Regular readers will know I like sporting analogies and in sport, a common sense approach would suggest a 12 year Vision. Why? Because that allows us to tie planning to common cycles whether they be the Olympic common to many sports or the World Cup cycle common to others.

This is not set in stone and you will establish your own ideal for your business or industry sector however, continuing the sporting analogy, it is  convenient to medium term planning to tie it to a single cycle of four years and attach strategy to a time frame everyone in sport is familiar with and will understand.

Following this principle the short-term would then be one year which accommodates tactical planning; the far more specific details required to  deliver success.

This is one model and, while a logical model for sport, you should remain aware that your strategy is personal to your organisation and if an  alternative timeframe fits better, that should be the one you adopt.

Having established your long-term Vision you will be able to break it into the steps which will be required in order to turn Vision into reality and to identify the order in which they will need to happen.

To have a 12 year strategy would be foolhardy, not least because planning to such a long-term would not be possible given the uncertainty such a time period would bring. Cast your mind back 12 years and consider all the things that would have impacted on such a plan that could not have been predicted and you will understand the folly.

Hence, the medium term will also become the length of your strategies (aka planning cycles). In the above example each strategy would cover a four-year period (or cycle), each building on the last while leading to the next as part of a planned process to achieve the success the vision has defined.

There will be tasks that will need to completed, objectives to hit which cannot happen until others have been successfully completed/achieved. For example, again continuing the sporting analogy, the Vision might describe growth to a set number of participants (Z) which will logically mean achieving X by year four and Y by year eight.  Each business and industry will have its own objectives to apply.

This process will be made easier by identifying and defining milestones between the outset of your strategy and its completion (the achieving or surpassing of the Vision). In the same way that good Vision should excite and inspire, it is wise to have at least some of your milestones do the same.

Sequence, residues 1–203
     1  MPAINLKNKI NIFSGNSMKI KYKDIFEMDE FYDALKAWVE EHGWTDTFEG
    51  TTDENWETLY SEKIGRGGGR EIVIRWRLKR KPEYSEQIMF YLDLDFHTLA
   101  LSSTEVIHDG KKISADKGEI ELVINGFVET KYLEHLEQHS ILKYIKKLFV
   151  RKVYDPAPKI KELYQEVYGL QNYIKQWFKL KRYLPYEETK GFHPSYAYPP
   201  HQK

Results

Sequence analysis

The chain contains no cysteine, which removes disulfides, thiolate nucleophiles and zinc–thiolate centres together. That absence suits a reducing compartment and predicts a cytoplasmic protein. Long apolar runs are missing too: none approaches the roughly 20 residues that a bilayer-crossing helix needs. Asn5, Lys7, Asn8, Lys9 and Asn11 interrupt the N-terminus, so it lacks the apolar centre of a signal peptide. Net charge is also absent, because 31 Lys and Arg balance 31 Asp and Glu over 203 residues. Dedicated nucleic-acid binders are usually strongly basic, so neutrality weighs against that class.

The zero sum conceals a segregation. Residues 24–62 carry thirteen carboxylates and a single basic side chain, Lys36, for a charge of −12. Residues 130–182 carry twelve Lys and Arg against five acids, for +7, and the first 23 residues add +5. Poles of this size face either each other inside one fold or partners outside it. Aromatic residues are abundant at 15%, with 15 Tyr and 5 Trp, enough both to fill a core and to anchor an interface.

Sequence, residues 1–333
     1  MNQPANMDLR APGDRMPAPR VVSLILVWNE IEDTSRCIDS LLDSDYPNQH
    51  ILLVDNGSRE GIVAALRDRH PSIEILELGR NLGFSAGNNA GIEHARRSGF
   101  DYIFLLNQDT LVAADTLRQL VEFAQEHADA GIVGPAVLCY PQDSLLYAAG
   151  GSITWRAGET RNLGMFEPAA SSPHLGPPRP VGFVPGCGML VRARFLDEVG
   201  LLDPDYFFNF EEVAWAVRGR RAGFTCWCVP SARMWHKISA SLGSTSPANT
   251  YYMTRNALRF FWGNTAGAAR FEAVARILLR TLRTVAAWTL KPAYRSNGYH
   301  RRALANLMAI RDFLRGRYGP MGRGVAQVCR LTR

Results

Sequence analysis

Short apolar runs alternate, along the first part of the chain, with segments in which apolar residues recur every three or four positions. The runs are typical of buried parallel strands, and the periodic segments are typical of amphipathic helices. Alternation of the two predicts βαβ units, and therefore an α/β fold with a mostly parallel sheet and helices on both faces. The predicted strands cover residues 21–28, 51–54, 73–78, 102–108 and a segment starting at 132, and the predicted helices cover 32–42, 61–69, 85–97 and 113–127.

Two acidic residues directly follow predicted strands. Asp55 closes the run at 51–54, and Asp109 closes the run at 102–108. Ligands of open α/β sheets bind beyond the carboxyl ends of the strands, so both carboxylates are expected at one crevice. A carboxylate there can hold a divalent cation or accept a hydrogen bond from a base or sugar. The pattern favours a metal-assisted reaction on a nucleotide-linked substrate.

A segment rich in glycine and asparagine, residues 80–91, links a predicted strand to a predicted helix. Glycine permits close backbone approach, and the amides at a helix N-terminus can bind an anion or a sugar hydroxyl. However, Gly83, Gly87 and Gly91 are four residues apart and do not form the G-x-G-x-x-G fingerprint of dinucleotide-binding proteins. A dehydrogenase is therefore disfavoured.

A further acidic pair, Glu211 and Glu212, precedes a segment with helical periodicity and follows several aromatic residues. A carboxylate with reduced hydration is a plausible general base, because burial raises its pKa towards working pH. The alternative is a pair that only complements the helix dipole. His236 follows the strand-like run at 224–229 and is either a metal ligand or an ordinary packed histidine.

Milestones are a great way of making seemingly enormous tasks appear achievable; best explained by the old music hall joke; “how do you eat an elephant?”

The answer – “one bite at a time!”

Returning to the use of sporting analogies, this is how John Naybor, the 1976 Olympic 100m backstroke gold medallist, went about it:

“In 1972 Mark Spitz won seven Gold medals, breaking seven world records.  I was at home watching him and I said to myself, “wouldn’t it be nice to be able to win a Gold medal, to be able to be a world champion in Olympic competition”.  So right then I had this dream of being an Olympic champion, it became a goal.

That dream to goal transition is the biggest thing I learned prior to Olympic competition – how important it is to set a goal. Certainly, motivation is important. A lot of kids have motivation, “I’d love to be great…”.

My personal best in the 100 backstroke was 59.5. Roland Matthes winning the same event for the second consecutive Olympics (1972) went 56.3. I extrapolated his, you know, three Olympic  performances and I figured in 1976, 55.5 would be the order of the day. That’s what I figured I’d have to do. So I’m four seconds off the shortest backstroke event on the Olympic programme. It’s the equivalent of dropping four seconds in the 400m dash.

It’s a substantial chunk. But because it’s a goal now I can decisively figure out how I can attack that.  I have four years to do it in. I’m watching TV in 1972. I’ve got four years to train. So it’s only one second a year. That’s still a substantial chunk. Swimmers train ten or eleven months a year so it’s about a tenth of a second a month, giving time off for missed workouts. And you figure we train six days a week so it’s only about 1/300th of a second a day. We train from six to eight in the morning and four to six at night, so it’s really only about 1/1200th of a second every hour.

Do you know how short a 1200th of a second is? Look at my hand and blink when I click my fingers. OK, from the time your eyelids started to close to the time they touched 5/1200ths of a second elapsed. For me to stand on a pool deck and say “during the next 60 minutes I’m going to improve that much”, that’s a believable dream. I can believe in myself. I can’t believe that I’m going to drop four seconds by the next Olympics, but I can believe I can get that much faster. Couldn’t you? Sure.

So all of a sudden I’m moving”.

Be aware that the relevant time spans of short, medium and long-term are not fixed, the right one for you and your business or industry sector might not fit the business next door. As I frequently remind clients, strategy is personal, there should be no place for templates and one size fits all mind sets.

A few years ago I was working with a business on developing strategy. All previous strategy had been limited to 12 month ‘long’ term views. I asked why?

The answer was that the manager who had led on strategy was a former teacher and he had been taught that long-term is a school year, medium term is a school term and short-term is a school week.

Working as a teacher that may well be true but it had been a recipe for serious underperformance in that business!

© Jim Cowan, Cowan Global Limited, 2011

info@cowanglobal.net

Twitter @cowanglobal

Facebook.com/cowanglobal